Feb 18, 2019High-density orchard innovators excel in British Columbia
Since 1949, the van Roechoudt family has been growing apples on Dorenberg Orchards near Kelowna, British Columbia, Canada. Today, the farm’s award-winning Ambrosias, Gala and Sunrise apples reflect decades of family wisdom blended with the latest agricultural techniques.
The farm, located 30 minutes north of Kelowna overlooking Okanagan Lake, was the final stop on the 2018 International Fruit Tree Association’s Summer Study Tour.
“Together, with our annual crew we hand pick our apples, selecting for ideal color, maturity and size,” said Madeline van Roechoudt, the president of Dorenberg Orchards who is the third generation of her family farming the orchard. Madeleine is the daughter of the late Marc and Tessa van Roechoudt, and granddaughter of Louis and Suzanne van Roechoudt.
Apple harvest starts in August with Sunrise, running through mid-October with the end of Ambrosia, van Roechoudt said. As the van Roechoudt family has done for three generations, the farm still ships its apples to the local cooperative packinghouse, where they’re sold under the BC Tree Fruits label.
Ever since Louis van Roechoudt pioneered the dwarf trellis system in the Okanagan, the family has embraced innovative growing methods, management systems and varieties.
“We were one of the first orchards to cultivate the new Ambrosia apple back in the 1990s and are one of the largest growers in B.C.,” Madeline van Roechoudt said.
Today, with the growth of the Okanagan as a wine region, Dorenberg Orchards has converted 10 acres to riesling and pinot Auxerrois winegrape production on its steepest slope. The first harvest was in 2010. Grapes are harvested between late October and early November and are shipped to the neighboring Gray Monk Estate Winery.
Louis van Roechoudt of Dorenberg Orchards was the first grower to adopt dwarfing rootstocks in the 1950s in British
Columbia with a 6-foot-by-11-foot-spaced Golden Delicious planting. He was the first to show dense plantings could be commercially viable in the Okanagan.
The family pioneered a trellising system where the tops of trees were trained along wires in a single plane, and the bottom of the canopy is 3D. This is believed to help poor-coloring varieties get color into the bottoms of the tree.
The family has since transitioned to a five-wire super spindle system. Branches are laid down on the wires to create fruiting walls.
“Put the supporting system in well the first time and it will be kind to you,” said Raymond Fisher, orchard manager.
The first Ambrosia planting at Dorenberg Orchards in Winfield, B.C., was planted in the early- to mid-1990s. Even then, the block generated $1,000 a bin.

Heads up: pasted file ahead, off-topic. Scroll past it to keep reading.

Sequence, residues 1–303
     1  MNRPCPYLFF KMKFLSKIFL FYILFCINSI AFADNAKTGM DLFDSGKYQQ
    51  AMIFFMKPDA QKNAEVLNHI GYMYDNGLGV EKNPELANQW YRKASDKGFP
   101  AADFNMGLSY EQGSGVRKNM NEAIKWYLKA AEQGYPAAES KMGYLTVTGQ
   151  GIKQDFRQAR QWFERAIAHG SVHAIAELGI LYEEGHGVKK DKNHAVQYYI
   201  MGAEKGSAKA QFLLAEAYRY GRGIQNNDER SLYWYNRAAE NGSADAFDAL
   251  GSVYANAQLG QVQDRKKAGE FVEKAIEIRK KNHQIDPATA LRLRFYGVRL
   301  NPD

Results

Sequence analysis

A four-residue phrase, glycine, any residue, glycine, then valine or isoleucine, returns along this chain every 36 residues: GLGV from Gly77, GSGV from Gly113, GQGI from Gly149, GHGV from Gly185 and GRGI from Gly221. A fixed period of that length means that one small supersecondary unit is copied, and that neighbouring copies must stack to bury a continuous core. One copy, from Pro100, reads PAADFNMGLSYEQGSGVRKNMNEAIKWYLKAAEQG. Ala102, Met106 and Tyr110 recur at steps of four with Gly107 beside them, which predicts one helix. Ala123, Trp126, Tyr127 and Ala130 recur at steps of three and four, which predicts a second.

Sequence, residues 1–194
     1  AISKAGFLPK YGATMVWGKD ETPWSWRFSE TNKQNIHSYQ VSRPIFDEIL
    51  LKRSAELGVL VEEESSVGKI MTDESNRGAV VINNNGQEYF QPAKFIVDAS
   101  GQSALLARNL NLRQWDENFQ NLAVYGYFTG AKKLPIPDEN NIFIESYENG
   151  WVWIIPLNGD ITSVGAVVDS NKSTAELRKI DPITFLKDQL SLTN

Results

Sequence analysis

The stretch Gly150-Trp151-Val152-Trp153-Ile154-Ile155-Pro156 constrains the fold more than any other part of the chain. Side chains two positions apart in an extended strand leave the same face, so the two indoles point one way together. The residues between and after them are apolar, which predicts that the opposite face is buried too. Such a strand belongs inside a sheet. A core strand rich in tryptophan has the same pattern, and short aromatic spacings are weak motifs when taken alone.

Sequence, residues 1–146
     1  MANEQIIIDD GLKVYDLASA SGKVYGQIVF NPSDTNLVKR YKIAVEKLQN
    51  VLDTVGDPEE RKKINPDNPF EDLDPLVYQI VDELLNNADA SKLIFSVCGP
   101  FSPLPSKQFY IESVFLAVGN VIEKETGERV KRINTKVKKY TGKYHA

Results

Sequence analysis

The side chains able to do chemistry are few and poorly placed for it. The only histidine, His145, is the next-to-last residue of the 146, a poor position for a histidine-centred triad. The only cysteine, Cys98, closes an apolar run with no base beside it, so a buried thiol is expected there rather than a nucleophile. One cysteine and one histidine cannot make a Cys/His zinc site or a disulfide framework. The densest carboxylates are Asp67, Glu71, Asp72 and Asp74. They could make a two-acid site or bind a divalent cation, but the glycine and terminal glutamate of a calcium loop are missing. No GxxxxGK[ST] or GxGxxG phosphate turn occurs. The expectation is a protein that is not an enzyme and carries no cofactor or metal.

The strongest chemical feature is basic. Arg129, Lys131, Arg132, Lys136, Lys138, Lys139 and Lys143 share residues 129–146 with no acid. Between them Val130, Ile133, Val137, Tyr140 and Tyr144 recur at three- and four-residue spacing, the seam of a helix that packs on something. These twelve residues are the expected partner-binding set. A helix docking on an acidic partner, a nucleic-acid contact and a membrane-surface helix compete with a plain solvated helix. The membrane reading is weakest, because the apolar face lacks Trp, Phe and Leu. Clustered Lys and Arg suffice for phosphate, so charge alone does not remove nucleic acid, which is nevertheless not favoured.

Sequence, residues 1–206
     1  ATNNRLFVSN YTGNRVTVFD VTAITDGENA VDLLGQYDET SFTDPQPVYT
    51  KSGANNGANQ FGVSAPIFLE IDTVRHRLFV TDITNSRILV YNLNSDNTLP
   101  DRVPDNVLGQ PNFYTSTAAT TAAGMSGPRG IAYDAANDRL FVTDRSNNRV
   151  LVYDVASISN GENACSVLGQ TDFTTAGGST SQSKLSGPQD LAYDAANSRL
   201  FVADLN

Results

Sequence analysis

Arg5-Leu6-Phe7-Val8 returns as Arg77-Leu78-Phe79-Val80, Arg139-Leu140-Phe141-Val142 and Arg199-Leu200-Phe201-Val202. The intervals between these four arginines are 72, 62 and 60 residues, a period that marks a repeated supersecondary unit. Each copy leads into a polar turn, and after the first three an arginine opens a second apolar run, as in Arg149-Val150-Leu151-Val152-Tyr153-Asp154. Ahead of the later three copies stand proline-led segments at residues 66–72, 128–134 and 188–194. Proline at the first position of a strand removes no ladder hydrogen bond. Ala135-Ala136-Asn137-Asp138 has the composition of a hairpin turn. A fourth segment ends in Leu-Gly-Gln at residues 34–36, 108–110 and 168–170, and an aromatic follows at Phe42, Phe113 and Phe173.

“A little light bulb when off in our heads,” Fisher said.
Since then, the operation has expanded its Ambrosia production, with 20 acres currently planted. The current Ambrosia planting had rootstock under plastic. It has a density of 2.8 feet by 9.5 feet on M.26.
“It seems like a match made in heaven,” Fisher said of this rootstock and variety planting. He said Ambrosia produces short fruiting shoots (dards) and the M.26 rootstock puts the tree on a more linear track.
Getting Ambrosia to the top wire by the third leaf with a repeated renewal of fruiting wood is the goal, Fisher said.
“Limbs that grow into the wire can’t renew,” he said, noting the farm removes big limbs in search of “a nice, flat response.”
Madeline van Roechoudt said the site’s change in soils on hilly terrain adjacent to Lake Okanagan creates challenges. The soil shifts from beach sand at the bottom of the slope with clay formations near the top of the orchard.
Higher elevations get more irrigation and drip is used separately. Overhead cooling also is used to cool down the orchard.
“I’m still a guy who likes the deep water cycle,” Fischer said.
A piece of history
According to Dorenberg Orchards’ website, in 1949, the Van Roechoudt family emigrated to Canada from Belgium and purchased 24 acres of the Rainbow Ranch from James Goldie. Shortly thereafter, an adjacent 14 acres became available and was also purchased. The 1950s were marked by a series of harsh winters which severely damaged and even destroyed many of the fruit trees due to extremely low freezing temperatures.
The resulting poor income prospects obliged Louis van Roechoudt to take on additional work as a farm manager at Vernon Orchards, while Suzanne contributed to crop thinning and sorting fruit for several harvest seasons at the Vernon Fruit Union Packing house in Woodsdale.
Marc, the oldest son and father of Madeline van Roechoudt, spent his summers and evenings after high school helping to maintain the orchards and carry out seasonal tasks. Originally the land was planted mainly with peaches, apricots and apples all at a standard spacing (20 feet by 20 feet). Most of the apple varieties were old and eventually became obsolete. Louis used his knowledge of European high-density fruit growing systems to replant his orchard. Louis planted varieties more in demand and used dwarf rootstocks, which could be planted at higher densities and came into production earlier.
Marc took over from his father in 1969 when Louis retired. The orchard consisted of apples, cherries, pears and apricots. Marc grew many different crops but eventually specialized in apples.
A good relationship with the Pacific Agriculture Research Centre in Summerland, British Columbia, was developed. Dorenberg Orchards often conducted trials of new varieties as they were tested for commercialization. Marc was always interested in new varieties and this relationship allowed him to be a very early adopter of new varieties.